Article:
All Fired Up. Kate Meader. 2013. 416 pages. Forever. [ARC provided courtesy of NetGalley.] This story is as hot as the flames in the kitchen of Sarriette and the sexual chemistry between its two main characters, Shane and Cara, is definitely its fuel. All Fired Up is a great romance filled with just the right balance of lust, attitude, and humor and has so many references to delicious food that my mouth watered most of the time. I loved the writing overall. Meader has a way of building up just the right amount of tension and letting it crest a while before the reader everything they want. I knew while I was reading chapter 1 that I was in for a treat. In most books, the problem is front and center within the first page. Instead, I was left wondering what the awkwardness was between Cara and Shane for the entire chapter. It’s not often the book starts with the marriage, and that an immediate solution wasn’t granted made it all the more enticing to keep reading.
Unexpected Love. Casey Clipper. 2014. 213 pages. Amazon Digital Publishing. [Source: ARC provided courtesy of The Book Gurus.] Unexpected Love is the second installment in Clipper’s “Love Series.” As far as I can tell, the series revolves around a group of cousins in the Millen family. Close-knit to a fault, the family is filled with ex-military alpha males who protect the women in their families at all costs. This book in particular focuses on Ryan Millen, a playboy whose life is turned upside down when he unexpectedly becomes a father overnight. Financially strapped Lynn enters his life and the two find a seemingly mutually beneficial arrangement around the care of his son newborn son Brady. I think this is a great book for readers who enjoy romances filled with Alpha males and/or military-types. Every single man in this book is imposing and aggressive, bordering on overbearing. The women in the book seem to enjoy that so it works. But if that’s not your thing … Unexpected Love may not suit your fancy. Regardless of personality type, the guys in the book mean well and Clipper does a good job of pairing them with women who balance them out and in some cases go toe-to-toe with them….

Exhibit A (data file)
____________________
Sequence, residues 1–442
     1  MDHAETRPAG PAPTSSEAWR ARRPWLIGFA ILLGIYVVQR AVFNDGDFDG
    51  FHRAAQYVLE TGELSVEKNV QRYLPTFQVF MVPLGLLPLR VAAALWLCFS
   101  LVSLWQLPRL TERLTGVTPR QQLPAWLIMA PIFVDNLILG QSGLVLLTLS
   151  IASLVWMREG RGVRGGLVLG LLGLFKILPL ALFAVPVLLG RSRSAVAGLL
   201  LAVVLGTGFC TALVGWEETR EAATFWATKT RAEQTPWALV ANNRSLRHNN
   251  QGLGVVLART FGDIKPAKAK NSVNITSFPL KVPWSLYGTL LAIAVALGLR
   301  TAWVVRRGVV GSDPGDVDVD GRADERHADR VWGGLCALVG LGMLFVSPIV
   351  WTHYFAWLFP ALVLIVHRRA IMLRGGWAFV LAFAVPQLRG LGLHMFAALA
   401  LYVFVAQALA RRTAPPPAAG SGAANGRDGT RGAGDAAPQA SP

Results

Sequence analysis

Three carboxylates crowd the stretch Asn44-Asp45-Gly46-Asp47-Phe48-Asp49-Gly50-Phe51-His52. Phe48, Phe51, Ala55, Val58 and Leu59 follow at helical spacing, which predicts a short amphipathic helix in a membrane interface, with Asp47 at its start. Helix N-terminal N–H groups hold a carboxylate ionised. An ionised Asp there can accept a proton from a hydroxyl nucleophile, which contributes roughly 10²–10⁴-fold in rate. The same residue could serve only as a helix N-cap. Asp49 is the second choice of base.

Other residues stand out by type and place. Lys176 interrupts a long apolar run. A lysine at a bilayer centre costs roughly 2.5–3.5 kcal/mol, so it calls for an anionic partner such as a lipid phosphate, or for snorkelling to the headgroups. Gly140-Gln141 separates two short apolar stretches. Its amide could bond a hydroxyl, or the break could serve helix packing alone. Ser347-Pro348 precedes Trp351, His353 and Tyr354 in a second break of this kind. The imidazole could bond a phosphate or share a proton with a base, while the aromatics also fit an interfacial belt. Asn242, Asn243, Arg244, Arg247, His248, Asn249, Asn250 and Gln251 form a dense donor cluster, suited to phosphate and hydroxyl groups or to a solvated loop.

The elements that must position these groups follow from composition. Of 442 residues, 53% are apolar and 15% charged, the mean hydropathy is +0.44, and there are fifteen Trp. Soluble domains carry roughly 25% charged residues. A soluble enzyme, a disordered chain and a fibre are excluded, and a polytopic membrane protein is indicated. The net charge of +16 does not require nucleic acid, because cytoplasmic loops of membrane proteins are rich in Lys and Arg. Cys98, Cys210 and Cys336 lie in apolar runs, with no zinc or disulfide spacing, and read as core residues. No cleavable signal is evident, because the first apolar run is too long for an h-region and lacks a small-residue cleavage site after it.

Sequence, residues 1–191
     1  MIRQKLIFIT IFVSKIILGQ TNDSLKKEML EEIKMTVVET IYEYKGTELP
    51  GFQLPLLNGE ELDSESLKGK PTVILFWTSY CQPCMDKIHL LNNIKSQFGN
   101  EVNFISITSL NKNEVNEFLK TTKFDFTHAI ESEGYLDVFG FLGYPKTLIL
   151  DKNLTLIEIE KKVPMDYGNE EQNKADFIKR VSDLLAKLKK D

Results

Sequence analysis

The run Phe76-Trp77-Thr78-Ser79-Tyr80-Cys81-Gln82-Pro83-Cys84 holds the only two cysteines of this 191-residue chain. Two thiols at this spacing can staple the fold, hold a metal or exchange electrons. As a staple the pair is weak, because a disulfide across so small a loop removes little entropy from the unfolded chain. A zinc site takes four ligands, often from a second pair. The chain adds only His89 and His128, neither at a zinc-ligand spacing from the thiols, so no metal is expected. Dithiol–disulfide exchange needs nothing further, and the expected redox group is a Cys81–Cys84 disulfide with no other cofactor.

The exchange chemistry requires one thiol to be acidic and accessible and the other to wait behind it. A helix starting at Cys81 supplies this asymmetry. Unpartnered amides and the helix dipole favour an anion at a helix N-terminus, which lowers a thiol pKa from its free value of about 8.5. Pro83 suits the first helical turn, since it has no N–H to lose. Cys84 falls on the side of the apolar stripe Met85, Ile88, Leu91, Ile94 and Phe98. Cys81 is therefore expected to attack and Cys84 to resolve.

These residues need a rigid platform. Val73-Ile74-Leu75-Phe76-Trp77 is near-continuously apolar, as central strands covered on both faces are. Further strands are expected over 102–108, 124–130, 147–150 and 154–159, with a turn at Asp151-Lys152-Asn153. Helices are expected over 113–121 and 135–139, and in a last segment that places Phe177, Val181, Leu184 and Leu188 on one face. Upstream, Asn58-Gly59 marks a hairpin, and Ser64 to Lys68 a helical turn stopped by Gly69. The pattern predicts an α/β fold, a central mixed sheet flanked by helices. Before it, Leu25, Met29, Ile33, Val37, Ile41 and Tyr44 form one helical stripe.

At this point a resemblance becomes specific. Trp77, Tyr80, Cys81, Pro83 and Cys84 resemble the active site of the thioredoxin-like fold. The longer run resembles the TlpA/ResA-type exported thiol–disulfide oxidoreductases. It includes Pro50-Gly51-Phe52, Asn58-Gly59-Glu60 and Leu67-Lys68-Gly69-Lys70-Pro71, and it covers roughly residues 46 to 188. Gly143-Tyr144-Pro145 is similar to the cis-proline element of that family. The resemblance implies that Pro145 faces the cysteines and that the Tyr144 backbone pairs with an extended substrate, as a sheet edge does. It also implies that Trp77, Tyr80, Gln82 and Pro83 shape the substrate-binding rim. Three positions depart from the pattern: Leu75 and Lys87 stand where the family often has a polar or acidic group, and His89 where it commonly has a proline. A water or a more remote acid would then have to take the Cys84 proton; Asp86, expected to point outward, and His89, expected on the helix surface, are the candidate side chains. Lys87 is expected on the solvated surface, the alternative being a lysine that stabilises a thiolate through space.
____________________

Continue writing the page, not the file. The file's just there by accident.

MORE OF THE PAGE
Always Yours. Kari March. 2014. Amazon Digital Publishing. 281 pages. [Source: ARC provided courtesy of The Book Gurus.] I’m pretty excited to be taking part in a blog tour for Kari March’s latest release, Always Yours, her second release of 2014. Always Yours is a standalone sequel to March’s debut novel, Promise Me Always. I tend to prefer starting interrelated books with the first in the “series,” so I felt it was necessary to start with Promise Me Always. I was extremely impressed at her ability to ensure that Always Yours could stand on its own merits as it interwove the characters and events from the first book. Always Yours centers on Cam and Cara, two young adults who’ve had their fair share of heartache at the hands of their family and romantic partners. For Cara, when the going gets tough, the people in her life leave. Cam, on the other hand, cannot keep genuine women in his life. When they meet, neither is at a place in their life where they want to welcome any serious attachment. Too bad their bodies (and later hearts) don’t seem to understand that. From the start, the two have undeniable chemistry, which leads to heated exchanges, both verbally and physically.
The Opposite of Maybe. Maddie Dawson. 2014. Broadway Books. 400 pages. [Source: ARC provided courtesy of Edelweiss.] When I started reading The Opposite of Maybe, I wasn’t immediately drawn in. I wasn’t sure I’d relate to the characters, Rosie and Jonathan, because they seemed like such anomalies. They’re middle-aged, seemingly commitment-phobic, and generally not what you expect of people their age. Then I kept reading. Instead of what I expected, I was treated to a story about the messy reality of relationships, both familial and romantic, and how we make sense of our choices. I found myself constantly conflicted about Rosie. One minute, she seemed so headstrong and assured, but the next, she seemed weak and complacent. This balance made her real and made her endearing. I felt completely caught up in her life — the confusion about impending motherhood, the heartbreak of a failed relationship, and the joy of a new friendship. Rosie is the heart of this story, through which everyone else’s stories are highlighted.
An April Bride. Lenora Worth. 2014. 102 pages. Zondervan. [Source: ARC provided courtesy of NetGalley.] This was an emotional, yet inspiring book. Stella and Marshall have a love straight from a fairy tale. Everyone knows they should end up together … except Marshall. When he returns from combat, he’s lost his memory of those close to him, including his fiance Stella. The book follows their struggle to bring back Marshall’s memory, but also begs the question of if they can come back from his injuries to have the love they knew before. For anyone who’s come to a crossroads in their relationship, this book will hit close to home. Stella has unconditional love for Marshall, but facing a future with someone who’s willing to marry her because he thinks he should isn’t enough for her.